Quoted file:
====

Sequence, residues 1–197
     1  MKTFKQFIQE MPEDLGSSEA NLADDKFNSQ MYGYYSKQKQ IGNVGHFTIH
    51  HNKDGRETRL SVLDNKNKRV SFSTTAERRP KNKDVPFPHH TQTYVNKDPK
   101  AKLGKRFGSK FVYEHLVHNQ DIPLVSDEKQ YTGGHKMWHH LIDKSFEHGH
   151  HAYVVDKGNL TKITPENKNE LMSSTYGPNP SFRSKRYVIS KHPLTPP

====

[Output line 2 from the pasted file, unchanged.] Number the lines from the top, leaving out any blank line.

     1  MKTFKQFIQE MPEDLGSSEA NLADDKFNSQ MYGYYSKQKQ IGNVGHFTIH